(Morten Tyldum, 2014)
A film where the subject is so intriguing that despite a somewhat bungled execution, the final product is still engrossing and utterly watchable.
A biopic of sorts, focusing on Alan Turing (Benedict Cumberbatch, excellent but operating well within his comfort zone of twitchy aspergers sufferers) during the years of WW2 when he worked at Bletchley Park attempting to break the Enigma code. The film goes into a fair amount of detail about exactly what was involved in that process - Turing's attempts to create a computer which would be able to process quickly enough to work out the code vs his colleagues more old-fashioned efforts at cryptography - while also highlighting his social unease and habit of irritating everyone around him with his superiority and inability to understand basic politeness.
There is a framing device - Turing's arrest in 1950s Manchester for homosexual acts, which would lead to hormone therapy and his eventual suicide - and also a series of flashbacks to a key relationship with his first love at boarding school, and a voiceover which it transpires is Turing telling his story to a police detective, making it all feel a little overstuffed.
There are nice distractions - Keira Knightley is good as Joan Clarke, a colleague and fleeting fiancé, while Mark Strong and Charles Dance are both perfectly cast as Government suits, as is Matthew Goode as the perfect opposite of Turing (charming, smooth, at ease with himself) with whom he must learn to co-exist. It is handsome, has a few nice gags, and is an interesting study in how some of the elements which make Hollywood dramas and biopics so dreadfully predictable and cringeworthy can also be the moments that work, the scenes that move you. The potency of cheap, easy drama, as it were. The eureka moment, for example. The scene where Turing learns of the death of his schoolboy crush. His hamfisted proposal to Joan, and their bitter split.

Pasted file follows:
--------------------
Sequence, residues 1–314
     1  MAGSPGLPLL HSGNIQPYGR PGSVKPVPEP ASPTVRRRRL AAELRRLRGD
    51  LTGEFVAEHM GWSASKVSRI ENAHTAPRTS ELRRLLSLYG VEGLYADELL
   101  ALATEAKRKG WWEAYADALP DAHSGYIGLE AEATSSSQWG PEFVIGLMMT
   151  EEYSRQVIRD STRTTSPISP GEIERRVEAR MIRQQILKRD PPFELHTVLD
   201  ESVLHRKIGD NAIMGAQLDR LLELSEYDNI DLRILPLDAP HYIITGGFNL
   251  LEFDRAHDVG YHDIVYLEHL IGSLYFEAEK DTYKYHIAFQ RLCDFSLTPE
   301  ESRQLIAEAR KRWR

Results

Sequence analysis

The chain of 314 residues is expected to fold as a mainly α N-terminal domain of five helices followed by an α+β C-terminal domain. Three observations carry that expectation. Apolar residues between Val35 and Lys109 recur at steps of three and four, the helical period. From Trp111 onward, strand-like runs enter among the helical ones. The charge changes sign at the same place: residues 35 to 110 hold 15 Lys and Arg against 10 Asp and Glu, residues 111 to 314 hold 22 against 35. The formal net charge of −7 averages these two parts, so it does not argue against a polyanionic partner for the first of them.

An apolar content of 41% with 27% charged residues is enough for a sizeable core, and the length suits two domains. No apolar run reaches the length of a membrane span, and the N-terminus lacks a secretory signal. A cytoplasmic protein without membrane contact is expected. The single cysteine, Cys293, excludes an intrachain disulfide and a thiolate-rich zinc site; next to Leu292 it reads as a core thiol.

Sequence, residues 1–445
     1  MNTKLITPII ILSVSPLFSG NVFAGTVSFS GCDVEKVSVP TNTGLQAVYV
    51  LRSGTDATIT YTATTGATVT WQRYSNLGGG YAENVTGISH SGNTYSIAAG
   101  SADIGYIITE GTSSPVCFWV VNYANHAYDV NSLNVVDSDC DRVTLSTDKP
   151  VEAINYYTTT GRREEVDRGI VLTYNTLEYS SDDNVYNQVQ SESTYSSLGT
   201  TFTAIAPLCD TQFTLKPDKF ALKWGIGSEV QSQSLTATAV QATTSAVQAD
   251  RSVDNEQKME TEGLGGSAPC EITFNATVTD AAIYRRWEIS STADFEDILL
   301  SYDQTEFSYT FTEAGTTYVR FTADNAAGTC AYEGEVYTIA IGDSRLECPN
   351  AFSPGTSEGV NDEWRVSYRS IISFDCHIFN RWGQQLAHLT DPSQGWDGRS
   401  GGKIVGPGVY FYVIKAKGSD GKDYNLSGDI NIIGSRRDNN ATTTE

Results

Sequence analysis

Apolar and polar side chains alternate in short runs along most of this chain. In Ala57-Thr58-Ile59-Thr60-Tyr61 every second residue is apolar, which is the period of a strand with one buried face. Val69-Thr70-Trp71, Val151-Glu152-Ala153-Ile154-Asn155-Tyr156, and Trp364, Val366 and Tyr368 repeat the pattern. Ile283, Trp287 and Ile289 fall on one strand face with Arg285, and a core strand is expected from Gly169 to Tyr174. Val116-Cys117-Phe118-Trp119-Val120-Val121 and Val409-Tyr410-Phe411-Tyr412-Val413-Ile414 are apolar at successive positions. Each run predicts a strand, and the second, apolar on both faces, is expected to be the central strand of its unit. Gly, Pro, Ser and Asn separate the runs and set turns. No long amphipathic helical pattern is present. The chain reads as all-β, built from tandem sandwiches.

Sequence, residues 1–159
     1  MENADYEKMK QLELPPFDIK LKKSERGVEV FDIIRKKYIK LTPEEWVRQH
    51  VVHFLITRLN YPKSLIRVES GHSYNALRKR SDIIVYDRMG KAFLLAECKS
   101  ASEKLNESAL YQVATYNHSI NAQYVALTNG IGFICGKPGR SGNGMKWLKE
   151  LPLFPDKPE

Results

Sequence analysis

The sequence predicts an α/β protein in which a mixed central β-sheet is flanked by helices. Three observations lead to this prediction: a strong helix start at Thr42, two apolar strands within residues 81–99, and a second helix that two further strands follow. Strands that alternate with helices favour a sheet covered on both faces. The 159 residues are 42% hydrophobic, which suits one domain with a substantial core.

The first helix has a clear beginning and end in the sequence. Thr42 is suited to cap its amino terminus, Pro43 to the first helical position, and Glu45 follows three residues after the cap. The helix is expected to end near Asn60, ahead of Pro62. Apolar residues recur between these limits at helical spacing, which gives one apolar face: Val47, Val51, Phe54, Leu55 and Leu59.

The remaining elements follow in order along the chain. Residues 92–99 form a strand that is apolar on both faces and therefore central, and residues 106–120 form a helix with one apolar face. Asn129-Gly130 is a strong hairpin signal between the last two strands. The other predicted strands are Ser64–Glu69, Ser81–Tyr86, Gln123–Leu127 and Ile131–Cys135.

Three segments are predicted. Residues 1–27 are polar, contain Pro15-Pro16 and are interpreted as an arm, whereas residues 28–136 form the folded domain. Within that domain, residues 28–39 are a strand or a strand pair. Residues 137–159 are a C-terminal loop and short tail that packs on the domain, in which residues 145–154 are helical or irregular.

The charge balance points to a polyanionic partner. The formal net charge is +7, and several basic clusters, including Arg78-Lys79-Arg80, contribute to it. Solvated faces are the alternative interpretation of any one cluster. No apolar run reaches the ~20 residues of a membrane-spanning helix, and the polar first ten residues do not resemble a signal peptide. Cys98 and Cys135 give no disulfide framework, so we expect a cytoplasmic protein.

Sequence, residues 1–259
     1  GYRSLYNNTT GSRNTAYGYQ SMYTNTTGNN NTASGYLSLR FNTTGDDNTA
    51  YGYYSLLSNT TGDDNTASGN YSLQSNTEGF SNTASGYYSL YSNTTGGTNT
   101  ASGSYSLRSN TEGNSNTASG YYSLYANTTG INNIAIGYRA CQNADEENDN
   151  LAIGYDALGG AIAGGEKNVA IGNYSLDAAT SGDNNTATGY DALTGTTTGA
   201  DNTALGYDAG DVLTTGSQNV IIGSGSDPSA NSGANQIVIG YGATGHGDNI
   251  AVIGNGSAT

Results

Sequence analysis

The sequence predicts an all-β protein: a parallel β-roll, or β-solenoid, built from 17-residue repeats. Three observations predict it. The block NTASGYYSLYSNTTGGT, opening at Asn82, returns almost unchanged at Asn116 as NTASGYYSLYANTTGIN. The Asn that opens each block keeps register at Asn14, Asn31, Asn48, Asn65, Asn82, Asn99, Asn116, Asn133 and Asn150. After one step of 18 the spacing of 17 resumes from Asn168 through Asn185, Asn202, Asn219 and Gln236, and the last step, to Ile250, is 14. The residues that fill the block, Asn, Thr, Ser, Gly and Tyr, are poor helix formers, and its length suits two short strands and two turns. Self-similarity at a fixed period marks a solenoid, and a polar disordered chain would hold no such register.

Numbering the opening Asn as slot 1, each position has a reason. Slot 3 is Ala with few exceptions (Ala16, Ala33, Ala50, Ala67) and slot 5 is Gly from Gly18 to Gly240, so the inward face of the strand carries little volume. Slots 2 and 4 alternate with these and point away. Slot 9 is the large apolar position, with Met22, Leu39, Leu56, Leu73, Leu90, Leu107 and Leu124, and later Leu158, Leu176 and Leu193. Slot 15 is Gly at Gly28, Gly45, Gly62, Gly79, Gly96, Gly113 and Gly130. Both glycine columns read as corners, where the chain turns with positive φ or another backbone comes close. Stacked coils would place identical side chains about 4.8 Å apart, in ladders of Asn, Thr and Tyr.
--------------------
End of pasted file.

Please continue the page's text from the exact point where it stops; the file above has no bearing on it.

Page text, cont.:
Jostling alongside all of this are a few interesting ideas about intelligence and responsibility, chief among them perhaps the notion that it is right and in the best interest of all that scientists make decisions for the rest of us about life and death, based purely upon statistics. This is the great fear and paranoia upon which a million sci-fi stories have been based: that the scientists think they know better than us, the bovine herds living oblivious to the way the world works, and that they will ultimately make a decision which will kill or save us all.